Dental Workforce Development
It has long been established that oral health is a vital component of overall health. With this in mind, the Massachusetts Department of Public Health’s Office of Oral Health works in conjunction with other programs, as well as other offices, agencies and institutions, as part of the Division of Primary Care and Health Access to increase access to oral health services for all residents the state, especially vulnerable population groups. The Office engages in oral health surveillance, including the dental workforce, surveying dentists and dental hygienists annually during their license renewal.
A number of areas in Massachusetts meet the criteria of federal shortage designations in regards to dental services. To help attract and retain dental professionals to Massachusetts, the state offers a loan repayment program, for dentists and hygienists. This includes funding for dentists working with developmentally disabled children and adults, as well as funding for public health dental hygienists and dentists in prescribed public health settings.
- Massachusetts State Loan Repayment Program for Dental Professionals
- Massachusetts Community Health Centers with Dental Programs (PDF)
The Massachusetts Department of Public Health is pleased to share with you our recently released report on the dental hygiene workforce within the Commonwealth. In 2007 the Department’s Office of Oral Health with the assistance of the Massachusetts Board of Registration in Dentistry, distributed a survey to all dental hygienists eligible for license renewal. The purpose of the survey was to determine the status, practices and potential utilization of the dental hygiene workforce.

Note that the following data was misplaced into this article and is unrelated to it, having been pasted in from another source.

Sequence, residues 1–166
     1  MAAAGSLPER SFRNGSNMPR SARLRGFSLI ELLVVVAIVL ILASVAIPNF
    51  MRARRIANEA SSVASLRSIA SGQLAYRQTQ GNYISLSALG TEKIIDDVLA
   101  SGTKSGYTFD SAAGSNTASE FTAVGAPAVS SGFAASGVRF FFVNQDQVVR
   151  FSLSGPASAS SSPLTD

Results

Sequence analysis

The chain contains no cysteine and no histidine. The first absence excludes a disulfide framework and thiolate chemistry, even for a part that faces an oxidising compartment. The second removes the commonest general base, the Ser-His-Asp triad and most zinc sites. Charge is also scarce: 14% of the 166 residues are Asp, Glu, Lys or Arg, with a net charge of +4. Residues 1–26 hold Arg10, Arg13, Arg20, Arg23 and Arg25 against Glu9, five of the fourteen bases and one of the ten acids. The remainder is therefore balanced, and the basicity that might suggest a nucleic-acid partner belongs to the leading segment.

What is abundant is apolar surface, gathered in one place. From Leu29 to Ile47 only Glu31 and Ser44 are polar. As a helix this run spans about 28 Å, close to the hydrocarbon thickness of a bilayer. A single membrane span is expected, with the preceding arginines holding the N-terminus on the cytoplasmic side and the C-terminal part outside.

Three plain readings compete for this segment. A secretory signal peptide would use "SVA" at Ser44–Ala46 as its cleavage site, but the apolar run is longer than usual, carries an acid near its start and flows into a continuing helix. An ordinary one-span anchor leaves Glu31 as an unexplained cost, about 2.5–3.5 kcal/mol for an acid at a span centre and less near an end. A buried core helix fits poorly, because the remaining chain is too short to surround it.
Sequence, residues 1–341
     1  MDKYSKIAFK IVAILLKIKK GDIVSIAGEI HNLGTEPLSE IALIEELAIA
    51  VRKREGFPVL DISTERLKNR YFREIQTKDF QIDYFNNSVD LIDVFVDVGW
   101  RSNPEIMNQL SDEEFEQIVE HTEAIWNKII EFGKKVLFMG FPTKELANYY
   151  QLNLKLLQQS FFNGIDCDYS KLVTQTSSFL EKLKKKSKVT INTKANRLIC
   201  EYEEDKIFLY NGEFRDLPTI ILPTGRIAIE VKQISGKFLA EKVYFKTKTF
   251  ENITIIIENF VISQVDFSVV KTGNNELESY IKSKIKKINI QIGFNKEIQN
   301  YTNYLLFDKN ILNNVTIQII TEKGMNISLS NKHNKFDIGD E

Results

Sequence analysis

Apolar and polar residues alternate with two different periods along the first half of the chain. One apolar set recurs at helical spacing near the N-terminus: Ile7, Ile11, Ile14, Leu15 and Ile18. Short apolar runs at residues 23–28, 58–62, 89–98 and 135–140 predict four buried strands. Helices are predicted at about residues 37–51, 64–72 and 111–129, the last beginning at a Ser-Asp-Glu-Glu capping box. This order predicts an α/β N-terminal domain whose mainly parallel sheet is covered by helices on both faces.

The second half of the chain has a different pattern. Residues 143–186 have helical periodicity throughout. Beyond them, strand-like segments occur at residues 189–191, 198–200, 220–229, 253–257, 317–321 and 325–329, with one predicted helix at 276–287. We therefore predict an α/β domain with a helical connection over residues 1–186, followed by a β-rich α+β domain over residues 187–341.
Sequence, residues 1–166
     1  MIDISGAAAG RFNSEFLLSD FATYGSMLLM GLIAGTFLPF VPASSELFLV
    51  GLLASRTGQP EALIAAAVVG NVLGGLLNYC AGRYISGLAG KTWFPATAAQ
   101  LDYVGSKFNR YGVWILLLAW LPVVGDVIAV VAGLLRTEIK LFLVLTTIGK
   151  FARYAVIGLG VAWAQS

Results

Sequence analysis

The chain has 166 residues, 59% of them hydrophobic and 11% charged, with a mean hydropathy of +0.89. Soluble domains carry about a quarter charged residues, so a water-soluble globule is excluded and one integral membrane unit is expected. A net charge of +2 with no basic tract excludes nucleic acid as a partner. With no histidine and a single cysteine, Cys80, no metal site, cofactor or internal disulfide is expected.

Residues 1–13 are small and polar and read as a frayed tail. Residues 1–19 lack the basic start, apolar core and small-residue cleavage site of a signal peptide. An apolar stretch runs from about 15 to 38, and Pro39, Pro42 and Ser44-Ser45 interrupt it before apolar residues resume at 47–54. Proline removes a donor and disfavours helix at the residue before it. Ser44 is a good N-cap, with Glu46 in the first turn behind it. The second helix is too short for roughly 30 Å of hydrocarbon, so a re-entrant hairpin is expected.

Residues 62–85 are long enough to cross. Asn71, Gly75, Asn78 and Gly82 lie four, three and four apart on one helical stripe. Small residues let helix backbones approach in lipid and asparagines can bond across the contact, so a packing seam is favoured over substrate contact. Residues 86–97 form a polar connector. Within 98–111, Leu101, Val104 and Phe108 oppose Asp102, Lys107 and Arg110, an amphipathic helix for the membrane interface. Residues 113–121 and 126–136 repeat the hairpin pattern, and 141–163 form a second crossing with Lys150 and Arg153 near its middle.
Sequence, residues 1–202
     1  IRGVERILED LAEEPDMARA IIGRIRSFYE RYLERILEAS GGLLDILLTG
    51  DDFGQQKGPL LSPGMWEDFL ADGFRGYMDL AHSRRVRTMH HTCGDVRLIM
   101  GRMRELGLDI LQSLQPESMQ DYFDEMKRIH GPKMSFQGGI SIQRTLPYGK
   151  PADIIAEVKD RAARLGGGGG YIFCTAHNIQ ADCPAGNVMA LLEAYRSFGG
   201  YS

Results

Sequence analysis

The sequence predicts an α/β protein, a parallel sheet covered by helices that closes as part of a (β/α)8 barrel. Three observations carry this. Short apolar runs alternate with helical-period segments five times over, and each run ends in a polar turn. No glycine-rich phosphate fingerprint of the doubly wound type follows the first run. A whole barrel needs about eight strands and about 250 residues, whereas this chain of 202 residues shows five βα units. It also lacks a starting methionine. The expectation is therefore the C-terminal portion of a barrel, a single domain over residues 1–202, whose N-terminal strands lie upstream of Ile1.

A Report on the Commonwealth’s Dental Hygiene Workforce: Results and Recommendations from a 2007 Statewide Survey succinctly describes the oral health needs in our state by providing data from recent statewide oral health assessments and surveys. The report also provides an overview of the challenges faced by many communities throughout the Commonwealth that lack adequate access to oral health care services. It further highlights the state’s dental hygiene workforce as educated oral health professionals, who are experienced and yet, underutilized in addressing the oral health crisis within our state.
The Report recommends approaches that utilize the dental hygiene workforce to assist in reducing oral health disparities. On July 1, 2007, Massachusetts became the first state in the United States to require that all residents have a minimal level of health insurance. Health care reform allowed for MassHealth dental benefits for children living at 300% below the federal poverty level. Our report offers some solutions to increase access to oral health services for these children and all residents who are served by MassHealth.